07/12/2012 11:20 GMT | Updated 04/02/2013 05:12 GMT

Osborne's Growth Plan Looks Like an Election strategy

Reactions to Budgets and Autumn Statements tend to be short termist, whilst their implications are long-term. George Osborne was playing the long game in his Autumn Statement, and we should try and see beyond the short term headlines to the 2015 election.

Having seemingly avoided some of the short term bear traps that made his last Budget into an omnishambles - and subject to what the wonks find in the detail over the next few days - the Chancellor's long game looks to be smart. In fact, it looks very much like a growth plan, and tells us a lot about the emerging Conservative 2015 election strategy.

Ignore austerity

Ignore for now all the stats and arguments about deficits, debt and austerity. They do matter, but don't tell us anything we didn't already know.

What's much more interesting is the attempt to hang an 'Open for Business' sign over the UK's door. Corporation tax cut even further to 21% in 2014, giving the UK the lowest rate of any major western economy (according to the Chancellor). Tax breaks and allowances for small and medium sized businesses, encouraging them to buy more kit to become more productive. Loans and funding to encourage more exports.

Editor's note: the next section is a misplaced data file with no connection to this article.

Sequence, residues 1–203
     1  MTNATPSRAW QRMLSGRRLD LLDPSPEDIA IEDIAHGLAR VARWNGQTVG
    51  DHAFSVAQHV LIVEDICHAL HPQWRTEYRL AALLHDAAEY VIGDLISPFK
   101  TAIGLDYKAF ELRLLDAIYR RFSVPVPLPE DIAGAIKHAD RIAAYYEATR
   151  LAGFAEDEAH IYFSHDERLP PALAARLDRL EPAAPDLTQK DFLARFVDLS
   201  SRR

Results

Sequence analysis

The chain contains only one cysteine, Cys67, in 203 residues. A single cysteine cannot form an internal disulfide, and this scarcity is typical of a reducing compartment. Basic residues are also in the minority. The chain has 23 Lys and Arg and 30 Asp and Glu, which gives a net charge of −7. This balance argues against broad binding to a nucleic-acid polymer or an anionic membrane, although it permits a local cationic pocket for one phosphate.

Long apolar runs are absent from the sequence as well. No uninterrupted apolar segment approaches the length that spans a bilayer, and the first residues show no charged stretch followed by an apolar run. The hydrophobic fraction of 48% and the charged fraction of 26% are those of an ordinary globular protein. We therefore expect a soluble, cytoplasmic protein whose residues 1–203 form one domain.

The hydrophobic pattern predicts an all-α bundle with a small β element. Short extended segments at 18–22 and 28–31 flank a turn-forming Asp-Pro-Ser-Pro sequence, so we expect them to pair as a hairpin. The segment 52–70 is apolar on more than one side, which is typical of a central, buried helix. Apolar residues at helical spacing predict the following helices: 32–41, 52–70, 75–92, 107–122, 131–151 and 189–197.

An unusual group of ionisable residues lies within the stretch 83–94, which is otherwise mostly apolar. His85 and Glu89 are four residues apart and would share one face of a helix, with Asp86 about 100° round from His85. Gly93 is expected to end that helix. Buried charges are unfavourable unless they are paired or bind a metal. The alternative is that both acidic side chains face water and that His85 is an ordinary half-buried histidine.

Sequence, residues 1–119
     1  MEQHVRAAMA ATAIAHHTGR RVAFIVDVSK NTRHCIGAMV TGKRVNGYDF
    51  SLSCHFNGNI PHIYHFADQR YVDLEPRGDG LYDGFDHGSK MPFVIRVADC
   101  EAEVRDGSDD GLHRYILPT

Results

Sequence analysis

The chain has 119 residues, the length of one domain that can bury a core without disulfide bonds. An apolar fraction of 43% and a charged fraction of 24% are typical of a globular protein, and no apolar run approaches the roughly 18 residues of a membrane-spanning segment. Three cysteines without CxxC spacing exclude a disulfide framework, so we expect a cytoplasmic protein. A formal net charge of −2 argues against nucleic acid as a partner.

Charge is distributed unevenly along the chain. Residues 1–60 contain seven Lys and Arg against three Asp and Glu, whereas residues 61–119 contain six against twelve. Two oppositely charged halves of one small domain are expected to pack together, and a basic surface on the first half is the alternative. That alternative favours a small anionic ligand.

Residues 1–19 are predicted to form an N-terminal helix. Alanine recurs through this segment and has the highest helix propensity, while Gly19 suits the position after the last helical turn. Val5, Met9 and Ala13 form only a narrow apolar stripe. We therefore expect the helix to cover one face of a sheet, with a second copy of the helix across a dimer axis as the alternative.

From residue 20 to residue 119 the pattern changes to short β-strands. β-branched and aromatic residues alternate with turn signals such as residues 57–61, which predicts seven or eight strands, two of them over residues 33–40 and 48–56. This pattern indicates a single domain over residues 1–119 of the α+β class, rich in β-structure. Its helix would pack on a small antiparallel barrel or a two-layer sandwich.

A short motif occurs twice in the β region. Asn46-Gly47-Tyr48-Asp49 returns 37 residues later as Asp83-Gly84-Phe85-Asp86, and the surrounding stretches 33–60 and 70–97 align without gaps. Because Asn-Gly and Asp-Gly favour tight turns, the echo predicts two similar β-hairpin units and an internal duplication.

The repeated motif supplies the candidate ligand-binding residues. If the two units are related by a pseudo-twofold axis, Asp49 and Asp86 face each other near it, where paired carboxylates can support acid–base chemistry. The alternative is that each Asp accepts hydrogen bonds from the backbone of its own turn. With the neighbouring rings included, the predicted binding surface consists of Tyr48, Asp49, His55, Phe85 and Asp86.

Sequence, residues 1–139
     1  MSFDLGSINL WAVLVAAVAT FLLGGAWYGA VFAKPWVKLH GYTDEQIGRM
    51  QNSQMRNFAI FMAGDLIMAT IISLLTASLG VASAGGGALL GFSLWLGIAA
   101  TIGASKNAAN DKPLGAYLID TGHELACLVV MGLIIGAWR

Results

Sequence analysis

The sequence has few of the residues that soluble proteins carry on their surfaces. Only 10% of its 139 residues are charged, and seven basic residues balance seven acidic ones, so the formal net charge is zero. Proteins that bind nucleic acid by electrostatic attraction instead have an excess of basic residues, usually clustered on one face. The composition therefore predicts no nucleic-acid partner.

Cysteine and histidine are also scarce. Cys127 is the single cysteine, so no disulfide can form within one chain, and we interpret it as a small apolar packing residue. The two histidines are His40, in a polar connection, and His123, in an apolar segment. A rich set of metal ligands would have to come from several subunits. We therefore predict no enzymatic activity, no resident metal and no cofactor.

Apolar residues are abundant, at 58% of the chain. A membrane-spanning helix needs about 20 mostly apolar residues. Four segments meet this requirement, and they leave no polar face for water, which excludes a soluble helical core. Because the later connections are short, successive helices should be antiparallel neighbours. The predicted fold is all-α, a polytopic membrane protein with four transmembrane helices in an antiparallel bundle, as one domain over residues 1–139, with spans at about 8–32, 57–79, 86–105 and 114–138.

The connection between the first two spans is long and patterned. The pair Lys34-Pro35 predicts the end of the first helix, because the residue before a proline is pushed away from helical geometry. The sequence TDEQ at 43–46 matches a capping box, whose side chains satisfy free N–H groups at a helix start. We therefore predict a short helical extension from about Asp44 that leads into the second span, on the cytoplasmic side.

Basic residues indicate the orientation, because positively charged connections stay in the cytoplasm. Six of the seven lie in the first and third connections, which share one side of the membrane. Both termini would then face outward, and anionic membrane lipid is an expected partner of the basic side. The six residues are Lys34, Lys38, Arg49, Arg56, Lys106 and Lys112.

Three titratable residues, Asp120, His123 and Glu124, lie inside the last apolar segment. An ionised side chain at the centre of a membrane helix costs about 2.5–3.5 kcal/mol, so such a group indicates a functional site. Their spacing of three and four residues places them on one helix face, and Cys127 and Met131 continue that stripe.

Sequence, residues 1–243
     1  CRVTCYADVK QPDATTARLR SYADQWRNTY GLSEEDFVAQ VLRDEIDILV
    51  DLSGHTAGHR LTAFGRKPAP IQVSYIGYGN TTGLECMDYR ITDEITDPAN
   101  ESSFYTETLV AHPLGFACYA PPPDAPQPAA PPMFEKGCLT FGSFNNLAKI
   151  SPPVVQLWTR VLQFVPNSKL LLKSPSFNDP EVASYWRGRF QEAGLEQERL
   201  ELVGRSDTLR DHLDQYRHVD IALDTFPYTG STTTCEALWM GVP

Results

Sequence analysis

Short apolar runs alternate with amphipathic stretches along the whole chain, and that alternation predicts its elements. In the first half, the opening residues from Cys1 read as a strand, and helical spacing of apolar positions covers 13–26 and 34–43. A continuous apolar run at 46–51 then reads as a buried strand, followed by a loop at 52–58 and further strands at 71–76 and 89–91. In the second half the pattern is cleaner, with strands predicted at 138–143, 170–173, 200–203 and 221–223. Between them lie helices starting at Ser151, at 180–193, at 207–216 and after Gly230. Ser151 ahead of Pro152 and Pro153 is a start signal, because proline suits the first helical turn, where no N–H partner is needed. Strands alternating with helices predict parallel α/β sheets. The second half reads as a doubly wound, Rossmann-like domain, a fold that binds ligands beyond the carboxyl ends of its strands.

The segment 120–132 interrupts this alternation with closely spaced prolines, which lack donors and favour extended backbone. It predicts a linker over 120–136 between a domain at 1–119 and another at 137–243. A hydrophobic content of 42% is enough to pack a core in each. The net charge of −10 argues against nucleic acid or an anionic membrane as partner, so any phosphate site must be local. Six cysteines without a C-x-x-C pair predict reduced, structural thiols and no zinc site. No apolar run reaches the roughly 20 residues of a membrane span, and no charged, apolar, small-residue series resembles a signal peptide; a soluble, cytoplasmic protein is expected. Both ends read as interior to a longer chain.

No Thatcherite

George Osborne showed he is a believer in state action to stimulate economic growth - this is no Thatcherite budget. However, unlike his opposite number Ed Balls (who, by common consent, had an off-day), Osborne doesn't like to spend our money directly. He'd rather use it to free up businesses to grow - an approach that sits well in ideological terms with his Lib Dem Orange Book colleagues.

But this isn't just a cosy coalition compromise. It's the Conservative 2015 election strategy emerging. Osborne and Cameron want the Tories to be seen to have equipped the UK to "succeed in the global race" by inventing more, making more and exporting more.

Game on

It's a risk because it will annoy a lot of the Tories' natural base, who would prefer radical deregulation and tax cutting to set businesses free - not state action, which is what Osborne is taking. George and Dave have to hope that their middle way creates a sufficiently big feelgood factor by 2015 to win over swing voters.

We'll not know for a while whether their approach can deliver those voters. But what's clear - in case you hadn't noticed during party conference season - the 2015 general election campaign is very much on.